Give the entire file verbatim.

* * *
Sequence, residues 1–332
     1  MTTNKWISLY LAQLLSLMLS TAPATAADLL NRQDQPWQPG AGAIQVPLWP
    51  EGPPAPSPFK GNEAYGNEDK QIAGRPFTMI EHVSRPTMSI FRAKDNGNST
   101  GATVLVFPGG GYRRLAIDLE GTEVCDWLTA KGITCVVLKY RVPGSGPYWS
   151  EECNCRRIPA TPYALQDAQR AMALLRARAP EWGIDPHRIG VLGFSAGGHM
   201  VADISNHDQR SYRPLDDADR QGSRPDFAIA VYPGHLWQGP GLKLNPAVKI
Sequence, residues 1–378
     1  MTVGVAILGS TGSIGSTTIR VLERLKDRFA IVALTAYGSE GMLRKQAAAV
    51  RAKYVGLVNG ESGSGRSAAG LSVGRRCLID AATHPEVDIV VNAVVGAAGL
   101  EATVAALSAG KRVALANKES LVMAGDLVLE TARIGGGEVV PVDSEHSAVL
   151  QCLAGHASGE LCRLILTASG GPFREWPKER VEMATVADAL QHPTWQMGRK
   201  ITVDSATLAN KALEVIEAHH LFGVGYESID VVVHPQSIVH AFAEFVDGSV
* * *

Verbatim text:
Sequence, residues 1–332
     1  MTTNKWISLY LAQLLSLMLS TAPATAADLL NRQDQPWQPG AGAIQVPLWP
    51  EGPPAPSPFK GNEAYGNEDK QIAGRPFTMI EHVSRPTMSI FRAKDNGNST
   101  GATVLVFPGG GYRRLAIDLE GTEVCDWLTA KGITCVVLKY RVPGSGPYWS
   151  EECNCRRIPA TPYALQDAQR AMALLRARAP EWGIDPHRIG VLGFSAGGHM
   201  VADISNHDQR SYRPLDDADR QGSRPDFAIA VYPGHLWQGP GLKLNPAVKI
Sequence, residues 1–378
     1  MTVGVAILGS TGSIGSTTIR VLERLKDRFA IVALTAYGSE GMLRKQAAAV
    51  RAKYVGLVNG ESGSGRSAAG LSVGRRCLID AATHPEVDIV VNAVVGAAGL
   101  EATVAALSAG KRVALANKES LVMAGDLVLE TARIGGGEVV PVDSEHSAVL
   151  QCLAGHASGE LCRLILTASG GPFREWPKER VEMATVADAL QHPTWQMGRK
   201  ITVDSATLAN KALEVIEAHH LFGVGYESID VVVHPQSIVH AFAEFVDGSV